By the end of 2023, 40,000 cattle will have a microchip in their stomach. Objective: to fight against wandering cows and fictitious herds. A first in France.
From our correspondent in Bastia, Julian Mattei
VS’is the state’s new weapon against cow premium fraud. A tiny ceramic capsule containing an electronic chip, together with an identification number. Code name: “Bolus”. For the past few days, teams from the Regional Directorate for Food, Agriculture and Forestry (Draaf) in Corsica have been crisscrossing cattle farms on the island to equip cows with this brand new identification system. The process is simple: it consists in making the animals ingest this capsule so that it can be deposited in the rumen of cows. The passage of a reading stick then makes it possible to identify each bovine with a unique number, kept for life.
“This operation concerns the entire cattle herd in Corsica, explains to the Point David Le Sourne, leader of this project within the Draaf. This system, painless and without risk for the animals, will make it possible to better trace the herds, including for health reasons, in an island where bovine tuberculosis circulates and where the extensive breeding makes it difficult to follow the animals. If this device already exists in Portugal or Spain, Corsica is the only region of France where it is deployed.
From October 2023, the Bolus will even be made compulsory so that the 1,200 breeders on the island can have access to slaughterhouses and obtain aid from the common agricultural policy (CAP) specific to cattle. The famous “cow premiums”, which have shaken the island agricultural world following judicial investigations having targeted several breeders since 2018, including executives of the chambers of agriculture, due to declarations of fictitious livestock.
Rampage, the other scourge
The stakes are high: the Corsican beef sector alone captures 40% of the public aid allocated to the island and the number of breeders has jumped from 900 in 2015 to more than 1,200 last year, while production continues to decline… By ensuring animal traceability, this inviolable chip is intended, according to the Draaf, to “prevent possible fraud” and to fight against another scourge specific to the island: wandering, which causes dozens of road accidents each year and poisons daily life in the villages. The authorities estimate between 10,000 and 15,000 the number of stray cows on the island…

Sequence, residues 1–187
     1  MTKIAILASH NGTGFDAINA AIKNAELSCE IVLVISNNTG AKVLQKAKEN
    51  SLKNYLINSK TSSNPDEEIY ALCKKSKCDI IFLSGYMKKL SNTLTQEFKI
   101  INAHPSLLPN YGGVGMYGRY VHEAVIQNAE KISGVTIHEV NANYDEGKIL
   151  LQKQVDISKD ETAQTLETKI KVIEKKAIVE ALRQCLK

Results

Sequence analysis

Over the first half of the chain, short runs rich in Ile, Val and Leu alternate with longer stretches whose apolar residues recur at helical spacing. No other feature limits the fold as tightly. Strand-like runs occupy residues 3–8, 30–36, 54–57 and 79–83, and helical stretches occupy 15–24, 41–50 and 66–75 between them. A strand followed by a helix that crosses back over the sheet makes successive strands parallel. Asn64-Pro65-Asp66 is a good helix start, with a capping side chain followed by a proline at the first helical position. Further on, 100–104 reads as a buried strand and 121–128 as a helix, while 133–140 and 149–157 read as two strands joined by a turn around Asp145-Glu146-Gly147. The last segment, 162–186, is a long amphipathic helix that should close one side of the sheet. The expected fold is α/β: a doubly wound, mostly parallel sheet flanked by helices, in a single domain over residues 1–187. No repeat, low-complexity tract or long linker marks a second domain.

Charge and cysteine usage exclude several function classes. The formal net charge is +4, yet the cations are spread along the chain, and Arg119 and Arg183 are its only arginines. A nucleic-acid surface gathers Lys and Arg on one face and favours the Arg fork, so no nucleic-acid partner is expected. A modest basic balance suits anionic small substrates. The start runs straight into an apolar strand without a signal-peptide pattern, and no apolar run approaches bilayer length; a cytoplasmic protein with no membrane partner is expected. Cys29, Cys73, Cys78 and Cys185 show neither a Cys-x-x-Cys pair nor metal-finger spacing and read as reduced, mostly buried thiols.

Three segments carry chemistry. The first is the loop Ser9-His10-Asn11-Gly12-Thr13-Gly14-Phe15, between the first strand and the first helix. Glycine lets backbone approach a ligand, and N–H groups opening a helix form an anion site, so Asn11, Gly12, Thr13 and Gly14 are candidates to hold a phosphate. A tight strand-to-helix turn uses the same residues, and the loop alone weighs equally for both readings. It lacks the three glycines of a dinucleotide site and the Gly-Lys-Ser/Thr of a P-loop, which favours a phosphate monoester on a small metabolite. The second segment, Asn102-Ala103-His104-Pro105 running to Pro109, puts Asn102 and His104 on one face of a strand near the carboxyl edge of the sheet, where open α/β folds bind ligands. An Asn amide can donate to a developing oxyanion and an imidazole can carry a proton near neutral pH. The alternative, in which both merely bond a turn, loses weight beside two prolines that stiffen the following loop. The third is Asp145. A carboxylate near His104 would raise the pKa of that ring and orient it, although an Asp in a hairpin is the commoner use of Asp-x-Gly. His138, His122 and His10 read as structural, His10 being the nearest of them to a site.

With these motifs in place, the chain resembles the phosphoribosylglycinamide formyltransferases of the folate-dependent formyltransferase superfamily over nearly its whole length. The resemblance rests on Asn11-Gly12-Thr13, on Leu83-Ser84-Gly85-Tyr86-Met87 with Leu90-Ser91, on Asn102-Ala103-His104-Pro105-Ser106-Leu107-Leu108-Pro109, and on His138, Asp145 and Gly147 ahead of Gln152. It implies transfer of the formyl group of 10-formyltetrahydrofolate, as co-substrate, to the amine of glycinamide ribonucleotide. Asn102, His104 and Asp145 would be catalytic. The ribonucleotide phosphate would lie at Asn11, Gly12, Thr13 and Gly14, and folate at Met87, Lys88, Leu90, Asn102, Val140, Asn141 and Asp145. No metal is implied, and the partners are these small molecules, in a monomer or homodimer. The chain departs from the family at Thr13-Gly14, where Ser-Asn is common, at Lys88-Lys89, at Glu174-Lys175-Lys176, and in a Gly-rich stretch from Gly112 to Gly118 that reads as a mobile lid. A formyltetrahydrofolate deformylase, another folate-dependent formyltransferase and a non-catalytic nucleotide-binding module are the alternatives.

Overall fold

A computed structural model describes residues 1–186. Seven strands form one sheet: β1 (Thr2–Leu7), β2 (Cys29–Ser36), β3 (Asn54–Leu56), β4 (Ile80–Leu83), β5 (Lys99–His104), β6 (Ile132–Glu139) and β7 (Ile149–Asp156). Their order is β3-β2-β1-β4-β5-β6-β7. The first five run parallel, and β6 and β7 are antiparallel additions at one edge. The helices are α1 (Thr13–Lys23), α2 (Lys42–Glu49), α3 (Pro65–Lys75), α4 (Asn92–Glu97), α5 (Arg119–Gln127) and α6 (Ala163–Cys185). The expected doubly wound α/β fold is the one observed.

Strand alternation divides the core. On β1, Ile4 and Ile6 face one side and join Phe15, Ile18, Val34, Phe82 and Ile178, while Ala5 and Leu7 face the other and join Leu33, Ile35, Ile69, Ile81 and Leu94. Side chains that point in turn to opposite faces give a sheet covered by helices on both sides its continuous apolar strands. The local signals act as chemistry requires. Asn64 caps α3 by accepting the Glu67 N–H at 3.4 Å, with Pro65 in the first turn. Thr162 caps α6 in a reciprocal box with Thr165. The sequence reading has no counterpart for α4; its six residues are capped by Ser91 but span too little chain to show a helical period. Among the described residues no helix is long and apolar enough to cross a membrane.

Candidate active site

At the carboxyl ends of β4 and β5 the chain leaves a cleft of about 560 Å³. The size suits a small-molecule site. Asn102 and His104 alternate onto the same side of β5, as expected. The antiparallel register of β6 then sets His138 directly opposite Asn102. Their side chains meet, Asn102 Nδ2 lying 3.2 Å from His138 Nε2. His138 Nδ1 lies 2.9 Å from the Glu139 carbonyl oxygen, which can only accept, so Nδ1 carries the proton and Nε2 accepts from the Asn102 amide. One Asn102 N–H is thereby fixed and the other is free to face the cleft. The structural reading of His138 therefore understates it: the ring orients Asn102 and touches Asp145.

The State has finally decided to take the bull by the horns: to equip some 40,000 Corsican cattle, the Draaf has recruited around twenty agents and invested nearly 1 million euros. The unit cost of these chips – about 2 euros – and their installation, in addition to the usual “loops” on the ears, are fully covered by the State.
At the head of a herd of around fifty animals in Villanova (Corse-du-Sud), Paul Bianchi does not see this new system with a negative eye, all the more so after the multiple cases which have tarnished the image of the breeders on the island: “This system will undoubtedly allow us all to no longer be considered as fraudsters, believes this operator, member of the agricultural union Via campagnola. It will ensure additional traceability. However, do not expect a miracle solution for straying: the Bolus will not solve the problem of thousands of stray wild animals that breed outside farms. »
A measure that divides
In the farms, in any case, the announcement of this new measure does not only make people happy. If the Draaf claims to have received only 8% of refusal among the breeders, the device comes up against the hostility of the agricultural institutions which already shout at the “stigmatization. ” The president of the Chamber of Agriculture of Haute-Corse, Joseph Colombani, does not intend to submit to it: “By conditioning the aid to this electronic chip, this system makes Corsica a unique case in Europe, supports this cattle breeder and nationalist militant, leader of the FDSEA on the island. The basic amount of aid is already lower on the island, since it is 50 euros per animal against 60 euros for the national average. In reality, this is only an accounting measure to further reduce state support for Corsican agriculture. After this operation, who will pay to equip the newborn calves? This remains very vague and we have no guarantee, either, on the risk of mortality for the animals which will ingest these capsules. Not to mention that, in all this, there is no progress on the development needs of the beef sector. »
This is to say if the Bolus has not finished growing bellows in the Corsican valleys…
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Corsica: the new state weapon against cow premium fraud
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